Pancreatitis: Acute Pancreatitis and Ercp Nursing Priorities Essay

Submitted By annimon56
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ACUTE PANCREATITIS

ACUTE PANCREATITIS: is inflammation of the pancreas that occurs suddenly and usually resolves in a few days with treatment. It can be a life-threatening illness with severe complications. The most common cause of acute pancreatitis is the presence of gallstones – small, pebble like substances made of hardened bile, that cause inflammation in the pancreas as they pass through the common bile duct. Chronic, heavy alcohol use is also a common cause. Acute pancreatitis can occur with hours or a s long as 2 days after consuming alcohol. Other causes of acute pancreatitis include abdominal trauma, medications, infections, tumors, and genetic abnormalities of the pancreas.

SYMPTOMS: Acute pancreatitis usually begins with gradual or sudden pain in the upper abdomen that sometimes extends through the back. The pay may be mild at first and feel worse after eating. But the pain is often severe and may become constant and last for several days. A person with acute pancreatitis usually looks and feels very ill and needs immediate medical attention. Other symptoms may include: • A swollen and tender abdomen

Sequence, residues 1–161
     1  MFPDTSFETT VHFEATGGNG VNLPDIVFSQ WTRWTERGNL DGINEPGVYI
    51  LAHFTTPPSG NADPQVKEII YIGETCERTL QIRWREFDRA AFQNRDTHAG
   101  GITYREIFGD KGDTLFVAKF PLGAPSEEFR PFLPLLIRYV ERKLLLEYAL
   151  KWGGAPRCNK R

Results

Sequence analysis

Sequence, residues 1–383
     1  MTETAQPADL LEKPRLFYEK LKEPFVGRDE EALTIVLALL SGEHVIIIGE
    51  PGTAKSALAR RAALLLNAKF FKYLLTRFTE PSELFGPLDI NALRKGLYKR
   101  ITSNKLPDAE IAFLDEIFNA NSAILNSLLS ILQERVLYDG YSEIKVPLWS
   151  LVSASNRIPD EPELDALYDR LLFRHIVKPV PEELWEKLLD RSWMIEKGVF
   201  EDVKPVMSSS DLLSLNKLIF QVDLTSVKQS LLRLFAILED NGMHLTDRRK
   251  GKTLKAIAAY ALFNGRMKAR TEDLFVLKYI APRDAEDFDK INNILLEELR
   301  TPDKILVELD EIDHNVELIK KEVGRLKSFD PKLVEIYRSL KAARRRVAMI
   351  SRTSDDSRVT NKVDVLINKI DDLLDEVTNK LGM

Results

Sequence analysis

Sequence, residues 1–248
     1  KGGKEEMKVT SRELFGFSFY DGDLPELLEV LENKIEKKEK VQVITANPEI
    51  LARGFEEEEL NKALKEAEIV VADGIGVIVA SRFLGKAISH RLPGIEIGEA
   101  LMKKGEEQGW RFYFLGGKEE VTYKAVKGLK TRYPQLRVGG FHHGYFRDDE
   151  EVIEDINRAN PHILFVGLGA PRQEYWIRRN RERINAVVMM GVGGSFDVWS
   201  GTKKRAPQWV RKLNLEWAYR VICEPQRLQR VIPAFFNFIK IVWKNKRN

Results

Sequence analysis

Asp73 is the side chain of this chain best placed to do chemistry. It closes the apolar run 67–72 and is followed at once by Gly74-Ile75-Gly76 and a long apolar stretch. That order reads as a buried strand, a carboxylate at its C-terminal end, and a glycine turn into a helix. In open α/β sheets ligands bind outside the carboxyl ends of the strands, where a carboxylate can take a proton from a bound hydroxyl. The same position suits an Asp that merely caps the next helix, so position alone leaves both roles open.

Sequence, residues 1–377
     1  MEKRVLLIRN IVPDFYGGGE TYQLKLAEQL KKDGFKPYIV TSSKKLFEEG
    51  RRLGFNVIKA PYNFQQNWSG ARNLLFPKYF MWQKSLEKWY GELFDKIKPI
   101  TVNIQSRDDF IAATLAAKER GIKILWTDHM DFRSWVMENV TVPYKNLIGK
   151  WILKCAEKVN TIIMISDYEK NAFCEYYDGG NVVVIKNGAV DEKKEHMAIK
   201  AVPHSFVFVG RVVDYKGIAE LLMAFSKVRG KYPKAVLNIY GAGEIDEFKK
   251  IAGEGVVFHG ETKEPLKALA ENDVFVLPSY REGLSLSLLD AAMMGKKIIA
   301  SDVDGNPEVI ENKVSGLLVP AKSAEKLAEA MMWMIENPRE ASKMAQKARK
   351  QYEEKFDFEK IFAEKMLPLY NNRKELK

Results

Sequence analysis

• Nausea and vomiting
• Fever
• A rapid pulse
• Pain may cone on suddenly or build up gradually.
• Rapid heartbeat
• Weakness or feeling tired
• Irritability
• Confusion or difficulty concentrating
• Headache

Severe acute pancreatitis may cause dehydration and low blood pressure. The heart, lungs, or kidneys can fail. If bleeding occurs in the pancreas, shock and even death may follow.

DAIGNOSIS While asking about an individual’s medical history and conducting a thorough physical examination, the doctor will order a blood test to assist in the diagnosis. During acute pancreatitis, the blood contains at least three times the normal amount of amylase, and lipase, digestive enzymes formed in the pancreas. Changes may also occur in other body chemicals such as glucose, calcium, magnesium, sodium, potassium’s, and bicarbonate. After the person’s condition improves, the levels usually return to normal.

Diagnosing acute pancreatitis is often difficult because of the deep location of the pancreas. The doctor will likely order one or more the following tests:

• Abnormal ultrasound
• Computerized tomography (CT) scan
• Endoscopic ultrasound…